Testicular cancer is the most common form of cancer in men ages 15 to 35.
What is testicular cancer?
Testicular cancer is a type of cancer that grows in the tissues of one or both testicles, glands that are located in the scrotum. Most cases of testicular cancer start out in the sperm-making cells known as germ cells. There are two main types: seminoma and nonseminoma. The first is slow-growing while the second tends to be more aggressive.
Who develops testicular cancer?
Your risk of testicular cancer may be increased if you:
have a family history of testicular cancer
have a history of undescended testicle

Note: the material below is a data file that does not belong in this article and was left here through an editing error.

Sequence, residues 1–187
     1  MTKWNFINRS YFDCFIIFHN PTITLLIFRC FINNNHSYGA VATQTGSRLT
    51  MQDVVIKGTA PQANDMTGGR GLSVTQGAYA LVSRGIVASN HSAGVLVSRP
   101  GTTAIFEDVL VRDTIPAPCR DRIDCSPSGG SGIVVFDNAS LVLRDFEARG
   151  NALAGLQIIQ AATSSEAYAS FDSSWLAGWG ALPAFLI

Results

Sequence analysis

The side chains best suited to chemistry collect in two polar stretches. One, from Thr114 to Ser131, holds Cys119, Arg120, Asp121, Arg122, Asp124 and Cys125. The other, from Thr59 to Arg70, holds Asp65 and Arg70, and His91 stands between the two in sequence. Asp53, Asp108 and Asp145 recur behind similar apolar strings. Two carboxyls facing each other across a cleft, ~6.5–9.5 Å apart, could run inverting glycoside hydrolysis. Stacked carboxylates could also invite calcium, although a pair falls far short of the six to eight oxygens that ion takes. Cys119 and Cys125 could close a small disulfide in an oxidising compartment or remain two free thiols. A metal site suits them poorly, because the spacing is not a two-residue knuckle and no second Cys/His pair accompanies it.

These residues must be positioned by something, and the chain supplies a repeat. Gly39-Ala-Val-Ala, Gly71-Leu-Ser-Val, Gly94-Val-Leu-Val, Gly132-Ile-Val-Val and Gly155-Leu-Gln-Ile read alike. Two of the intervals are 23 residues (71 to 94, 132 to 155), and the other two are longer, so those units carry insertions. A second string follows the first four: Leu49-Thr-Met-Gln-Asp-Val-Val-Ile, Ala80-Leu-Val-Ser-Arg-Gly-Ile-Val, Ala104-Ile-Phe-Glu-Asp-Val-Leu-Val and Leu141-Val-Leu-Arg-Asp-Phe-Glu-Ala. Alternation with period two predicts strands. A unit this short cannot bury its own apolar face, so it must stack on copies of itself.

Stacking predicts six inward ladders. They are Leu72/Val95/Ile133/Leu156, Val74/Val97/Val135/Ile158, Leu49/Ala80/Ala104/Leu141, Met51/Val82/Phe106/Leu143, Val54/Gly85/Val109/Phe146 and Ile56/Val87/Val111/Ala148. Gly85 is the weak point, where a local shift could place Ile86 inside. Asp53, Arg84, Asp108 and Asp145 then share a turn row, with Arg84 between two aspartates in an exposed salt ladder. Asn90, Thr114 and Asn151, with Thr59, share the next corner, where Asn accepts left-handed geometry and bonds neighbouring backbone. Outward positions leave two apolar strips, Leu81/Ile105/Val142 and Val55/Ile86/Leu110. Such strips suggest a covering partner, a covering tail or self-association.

What are the symptoms of testicular cancer?
Some may experience symptoms, while others don’t. Symptoms of testicular cancer include:excess development of breast tissue
lump or swelling in testicle
testicular pain or discomfort
These symptoms may also signal other illnesses or conditions. If you’re experiencing any of them, discuss the problem with your physician.
How is testicular cancer diagnosed?
Lumps or masses may be found during a physical examination. Scrotal ultrasound can often diagnose testicular cancer. Imaging tests, such as computed tomography (CT) and magnetic resonance imaging (MRI) scans, and blood tests are used.
Valley Hospital’s Urologic Oncology Center offers the most comprehensive care and treatments for testicular cancer. To make an appointment, call 201-634-5567 .